11th – 12th December 1958
The late Christopher Bean — a penniless, tubercular, alcoholic painter — died 10 years back, leaving behind some unwanted and unappreciated canvases. Which, now that he has been suddenly hailed as one of the great masters of all time, are of inestimable value.
Dr Haggett: Sandy Walton
Susan Haggett: Susan Meakins
Gwenny: Isa Dolan
Mrs Haggett: Edith Hill
Ada Haggett: Beryl Braidley
Bruce McRae: Colin Bracewell
Tallant: Frank Meakins
Rosen: Peter Monger
Davenport: Ernest Golby
Produced by Sandy Walton
Newbury Weekly News review
Sandy Wilson gave an excellent performance as Dr Haggett, the country practitioner whose busy but comparatively dull life is suddenly disrupted by the posthumous recognition of the artistic abilities of one of his late patients, Christopher Bean. Edith Hill, who played his money-loving wife, portrayed well the anguish felt by a good mother who has great marital ambitions for her daughters which, partly through her failure to recognise people’s true worth, can never be realised.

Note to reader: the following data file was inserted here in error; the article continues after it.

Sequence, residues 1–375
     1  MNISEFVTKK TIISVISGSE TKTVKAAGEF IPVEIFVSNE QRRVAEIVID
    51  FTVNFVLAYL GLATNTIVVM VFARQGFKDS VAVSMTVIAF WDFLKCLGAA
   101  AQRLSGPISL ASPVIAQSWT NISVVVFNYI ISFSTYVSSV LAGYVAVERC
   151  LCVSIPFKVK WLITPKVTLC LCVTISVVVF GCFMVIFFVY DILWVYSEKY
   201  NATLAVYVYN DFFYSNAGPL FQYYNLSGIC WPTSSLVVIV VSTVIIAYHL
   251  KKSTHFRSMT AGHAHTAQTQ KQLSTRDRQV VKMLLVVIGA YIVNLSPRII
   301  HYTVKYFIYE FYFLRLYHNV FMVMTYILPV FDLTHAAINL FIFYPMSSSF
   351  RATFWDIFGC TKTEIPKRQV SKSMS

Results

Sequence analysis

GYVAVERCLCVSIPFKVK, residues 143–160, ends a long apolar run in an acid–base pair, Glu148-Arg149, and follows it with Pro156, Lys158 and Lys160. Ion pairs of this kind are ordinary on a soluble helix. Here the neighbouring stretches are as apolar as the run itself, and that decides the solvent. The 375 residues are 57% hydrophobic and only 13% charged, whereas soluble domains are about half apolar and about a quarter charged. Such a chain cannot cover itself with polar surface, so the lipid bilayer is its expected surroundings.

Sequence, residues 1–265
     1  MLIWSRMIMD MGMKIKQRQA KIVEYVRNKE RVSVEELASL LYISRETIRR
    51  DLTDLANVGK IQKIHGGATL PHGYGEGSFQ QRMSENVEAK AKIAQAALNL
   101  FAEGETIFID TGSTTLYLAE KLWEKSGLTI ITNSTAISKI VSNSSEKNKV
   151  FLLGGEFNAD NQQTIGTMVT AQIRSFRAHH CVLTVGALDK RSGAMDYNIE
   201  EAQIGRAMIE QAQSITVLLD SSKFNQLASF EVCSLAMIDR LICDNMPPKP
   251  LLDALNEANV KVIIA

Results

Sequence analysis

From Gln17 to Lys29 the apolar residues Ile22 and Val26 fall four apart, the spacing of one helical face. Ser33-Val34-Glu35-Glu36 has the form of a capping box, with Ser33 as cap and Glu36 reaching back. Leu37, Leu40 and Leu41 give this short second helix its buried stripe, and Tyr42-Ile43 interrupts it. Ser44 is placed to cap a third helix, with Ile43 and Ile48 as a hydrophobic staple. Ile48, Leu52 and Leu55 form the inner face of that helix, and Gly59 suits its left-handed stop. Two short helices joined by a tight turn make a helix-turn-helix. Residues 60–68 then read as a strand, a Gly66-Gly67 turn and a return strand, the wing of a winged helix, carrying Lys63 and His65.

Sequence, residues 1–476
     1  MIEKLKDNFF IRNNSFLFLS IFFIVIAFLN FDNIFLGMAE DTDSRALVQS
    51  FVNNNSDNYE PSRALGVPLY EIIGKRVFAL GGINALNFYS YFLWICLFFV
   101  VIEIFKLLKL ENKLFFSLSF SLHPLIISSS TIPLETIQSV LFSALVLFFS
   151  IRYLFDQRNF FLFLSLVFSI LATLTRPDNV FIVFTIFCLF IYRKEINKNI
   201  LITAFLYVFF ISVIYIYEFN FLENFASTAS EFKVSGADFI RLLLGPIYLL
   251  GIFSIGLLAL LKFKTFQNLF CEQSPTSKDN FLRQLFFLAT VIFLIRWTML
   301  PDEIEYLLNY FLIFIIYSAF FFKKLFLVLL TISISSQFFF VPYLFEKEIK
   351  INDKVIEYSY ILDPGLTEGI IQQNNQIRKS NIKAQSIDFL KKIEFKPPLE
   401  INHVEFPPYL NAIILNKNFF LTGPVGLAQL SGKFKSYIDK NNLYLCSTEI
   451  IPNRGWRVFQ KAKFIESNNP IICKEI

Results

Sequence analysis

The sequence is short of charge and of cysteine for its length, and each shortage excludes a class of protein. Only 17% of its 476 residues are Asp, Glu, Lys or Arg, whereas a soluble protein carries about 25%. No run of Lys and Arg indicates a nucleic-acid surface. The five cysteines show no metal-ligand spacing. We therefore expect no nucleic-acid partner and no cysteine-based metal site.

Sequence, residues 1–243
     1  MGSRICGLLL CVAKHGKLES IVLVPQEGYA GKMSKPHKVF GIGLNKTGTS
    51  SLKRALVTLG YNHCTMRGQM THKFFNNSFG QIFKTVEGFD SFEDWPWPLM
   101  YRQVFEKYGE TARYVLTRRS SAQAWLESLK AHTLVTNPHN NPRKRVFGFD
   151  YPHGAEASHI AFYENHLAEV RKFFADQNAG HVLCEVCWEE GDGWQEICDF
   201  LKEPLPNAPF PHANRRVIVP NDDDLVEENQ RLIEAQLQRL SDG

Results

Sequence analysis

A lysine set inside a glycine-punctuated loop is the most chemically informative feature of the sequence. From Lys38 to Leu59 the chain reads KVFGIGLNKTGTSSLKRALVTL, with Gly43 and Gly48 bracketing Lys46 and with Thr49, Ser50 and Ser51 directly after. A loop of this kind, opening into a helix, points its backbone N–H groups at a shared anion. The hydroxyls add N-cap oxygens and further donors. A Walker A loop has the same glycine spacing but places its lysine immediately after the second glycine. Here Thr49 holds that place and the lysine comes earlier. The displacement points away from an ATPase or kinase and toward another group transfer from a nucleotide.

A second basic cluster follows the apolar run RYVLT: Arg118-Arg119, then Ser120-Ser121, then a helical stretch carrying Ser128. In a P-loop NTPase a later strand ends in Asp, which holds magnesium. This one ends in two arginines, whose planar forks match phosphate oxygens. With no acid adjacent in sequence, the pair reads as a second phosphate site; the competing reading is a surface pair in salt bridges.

Susan Meakins and Beryl Braidley, as the daughters, showed a good understanding of their parts, while Colin Bracewell as Bruce McRae, an artistic follower of Chris Bean, showed all the loveable swagger of those north of the border.
Isa Dolan, as Gwenny the Welsh maid, carried the play through its most sensitive scenes with a skilful naiveté and earnestness. Tallent and Rosen (Frank Meakins and Peter Monger respectively) showed the opposites in underhand art dealers, one suave the other bluff, while as Davenport, Ernest Golby produced a gentleness and true appreciation of work by the now lamented artist who died unloved by all but Gwenny.
Production was by Sandy Walton.
Act II of this production was entered in the second Berkshire Drama Festival and performed on the 19th Feb 1959 at the Plaza Theatre, Newbury: